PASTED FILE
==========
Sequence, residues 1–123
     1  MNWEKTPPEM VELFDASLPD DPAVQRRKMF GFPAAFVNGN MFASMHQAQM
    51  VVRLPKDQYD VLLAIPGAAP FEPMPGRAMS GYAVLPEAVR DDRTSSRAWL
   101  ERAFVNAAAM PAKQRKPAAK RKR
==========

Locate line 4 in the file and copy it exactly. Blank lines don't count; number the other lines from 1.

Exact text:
   101  ERAFVNAAAM PAKQRKPAAK RKR